Board Game Review – Yacht Rock (2020)

Armed with a fine selection Yatch Rock albums we get down to the nitty gritty of Yatch Rock, the board game.

Hit singles, laidback clothes and lavish parties… it’s the life of a Rock Star in the board game Yacht Rock by Prospero Hall or as they jokingly appear on the box cover Prospero & Hall (ala Hall and Oates).

More Board Game Reviews:
This Game Goes To Eleven (2019)
Don’t Get Got! (2019)

Today, in Board Game Reviews on we are reviewing Yacht Rock, a game set in the mid 70s /early 80s where you play a yacht rock star. For those not familiar with the genre, Yacht Rock, think Toto’s “Africa“, Hall & Oates “I Can’t Go For That” or Christopher Cross’ “Sailing“. An era of music that was all about soft rock sounds for breezy afternoons on the Yacht or in your convertible driving down on the highway.

Collect your wardrobe for the party and song elements for hit singles.

In this game you essentially take turns going around (starting “with the most relaxed player” first) as each player picks up a style card which consists of either: clothing (i.e. hats, shoes, shirt, sunglasses and pants) or a musical style (e.g. “smooth saxophone” or “gentle beat”) for potential hit songs. The purpose of the clothing cards is to acquire the best, most complete outfit with only keeping one article type each. That means only one hat, one shirt, etc. If you draw more than one clothing article type you will have to sell it for points (1 each). The clothing cards have different point values (1 or 3) and different colours.

A musical style card, here the “Guitar Interlude”

The purpose of the musical style cards is to get all three style cards needed to record one of the two hit songs dealt on the board. Or you collaborate with another player if you have a card each. If you record the song by yourself it is worth 8 points. If you collaborate it is worth 3 points for both players.

Ride Like The Wind and listen to Christopher Cross on Cottage Country Mix Vol. 7:

Two song cards and two soiree cards. You need those song styles to record the single (either solo or duet with another player). At the end of each round, pick the soiree you will attend based on your clothing card colours or singles if you have lots of songs under your belt.

At the end of each round, once you have dealt all the style cards, you must choose which party (‘soiree’) you will attend (e.g. “Palm Springs House Party” or “Catalina Beach Party”). The purpose is to score bonus points for your clothes and hit singles. On the tops of the soiree card it will give you a hint for what to expect (e.g. a particular colour of card or the hit single icon) in order to get the most bonus points. Once players have decided with their guitar pick which party they will attend, you flip over the card to reveal the bonus point scheme. You score the points, collect all the style cards and redistribute for the next round for a total of three rounds. The player with the most points at the end wins!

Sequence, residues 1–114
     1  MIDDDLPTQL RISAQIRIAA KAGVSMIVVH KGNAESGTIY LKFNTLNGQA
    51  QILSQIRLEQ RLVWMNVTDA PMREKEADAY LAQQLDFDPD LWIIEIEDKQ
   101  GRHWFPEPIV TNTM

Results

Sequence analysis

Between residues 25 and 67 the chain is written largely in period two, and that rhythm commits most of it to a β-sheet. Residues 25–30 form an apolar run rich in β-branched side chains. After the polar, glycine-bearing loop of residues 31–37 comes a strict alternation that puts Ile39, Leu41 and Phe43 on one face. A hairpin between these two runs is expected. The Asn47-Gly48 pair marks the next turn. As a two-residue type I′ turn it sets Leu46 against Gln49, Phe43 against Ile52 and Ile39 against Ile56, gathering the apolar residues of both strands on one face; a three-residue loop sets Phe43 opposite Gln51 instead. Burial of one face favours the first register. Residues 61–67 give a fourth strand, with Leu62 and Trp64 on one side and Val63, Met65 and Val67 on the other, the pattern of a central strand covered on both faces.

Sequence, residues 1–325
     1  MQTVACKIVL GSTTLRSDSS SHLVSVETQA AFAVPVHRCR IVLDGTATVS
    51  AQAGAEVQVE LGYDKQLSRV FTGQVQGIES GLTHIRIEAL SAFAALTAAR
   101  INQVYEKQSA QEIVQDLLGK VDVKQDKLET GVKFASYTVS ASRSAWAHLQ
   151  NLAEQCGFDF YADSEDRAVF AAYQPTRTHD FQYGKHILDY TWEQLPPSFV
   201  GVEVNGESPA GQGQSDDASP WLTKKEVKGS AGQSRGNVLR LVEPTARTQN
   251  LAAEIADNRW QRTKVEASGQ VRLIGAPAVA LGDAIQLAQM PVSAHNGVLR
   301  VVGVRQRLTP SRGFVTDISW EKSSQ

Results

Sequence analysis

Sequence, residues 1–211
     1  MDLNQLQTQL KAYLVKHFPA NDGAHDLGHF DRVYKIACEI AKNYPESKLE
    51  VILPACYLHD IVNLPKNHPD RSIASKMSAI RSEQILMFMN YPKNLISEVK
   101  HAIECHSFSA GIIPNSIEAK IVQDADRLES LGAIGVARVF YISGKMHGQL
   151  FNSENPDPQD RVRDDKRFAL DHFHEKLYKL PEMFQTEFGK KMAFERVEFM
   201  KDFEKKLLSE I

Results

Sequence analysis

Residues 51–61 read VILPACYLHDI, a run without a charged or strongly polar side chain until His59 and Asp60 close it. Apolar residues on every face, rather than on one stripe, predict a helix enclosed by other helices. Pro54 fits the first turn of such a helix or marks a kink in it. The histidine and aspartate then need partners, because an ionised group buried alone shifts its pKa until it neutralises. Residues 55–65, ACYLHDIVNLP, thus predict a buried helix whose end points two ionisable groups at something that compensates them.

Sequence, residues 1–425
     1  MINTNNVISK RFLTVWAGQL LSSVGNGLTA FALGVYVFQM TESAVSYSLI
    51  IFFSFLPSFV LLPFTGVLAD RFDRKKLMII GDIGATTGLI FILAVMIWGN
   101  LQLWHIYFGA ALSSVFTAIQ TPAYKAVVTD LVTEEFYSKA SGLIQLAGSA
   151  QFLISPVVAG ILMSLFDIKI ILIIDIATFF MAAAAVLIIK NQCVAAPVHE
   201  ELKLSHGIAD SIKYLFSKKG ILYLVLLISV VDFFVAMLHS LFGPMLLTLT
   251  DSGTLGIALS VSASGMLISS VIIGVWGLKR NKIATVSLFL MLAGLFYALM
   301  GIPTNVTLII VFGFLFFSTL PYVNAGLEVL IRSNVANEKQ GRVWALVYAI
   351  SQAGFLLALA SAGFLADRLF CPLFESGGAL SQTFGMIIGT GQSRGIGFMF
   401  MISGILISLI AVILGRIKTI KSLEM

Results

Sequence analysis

Listen to the Doobie Brothers’ “What A Fool Believes” on Cottage Country Vol. 14

It should almost be a rule that if you record the hit single, you should have to make up the song on spot, duets too. In fact, they should have provided short fake soft rock instrumentals to do this and made them downloadable on their website or Youtube page (I feel like I am giving you jewels, here people). Now that we are making up rules, you should also have to swap out the songs at the end of each round depending on how many players. We found that if you only are playing with 2-3 players, it may take a while to get the right combination of song style cards to record a single (especially by yourself). This can bottleneck the gameplay until you draw enough or the right song style cards and by then it is already into the second or last round. Finally, it would be awesome if you actually had the clothes (or something comparable) and you had to wear them. Obviously that would have made the game expensive, so get your friends to bring their own.

Records not included, listen to Cottage Country Mixes instead.

Does Yacht Rock float the boat?

I would say: I Can Go For That. The gameplay is simplistic and turn based, so it is not frantic but it’s still fun and engaging. I thought stylistically, its design was well-thought out with an apparent late 70s to early 80s flair but they also took their time to do at least a little research. Yacht Rock enthusiast will understand the humour, particularly the faux hit single song titles and their implicit styles. That being said, it is obviously a bit of a gimmick and may only appeal to a certain demograph who “get it” but what’s not to get? Its Pop music, dumb clothes and parties. At least, for everyone else the point system and the will to win may grab them. We played it once, enjoyed it and played it again, so there is some replay value. How much replay value in the long term remains to be seen but it is a fun, social game.

Rating – Yacht Rock

 Cartoon loon (full) equal to one star ratingHalf of a full Loon Rating/ 5

Yacht Rock gets a 3.5 out of 5

Players: 2 – 6
Duration: 18-25 minutes a game.
Ages: 8+
Learning Curve: Easy to play.

3 Replies to “Board Game Review – Yacht Rock (2020)”

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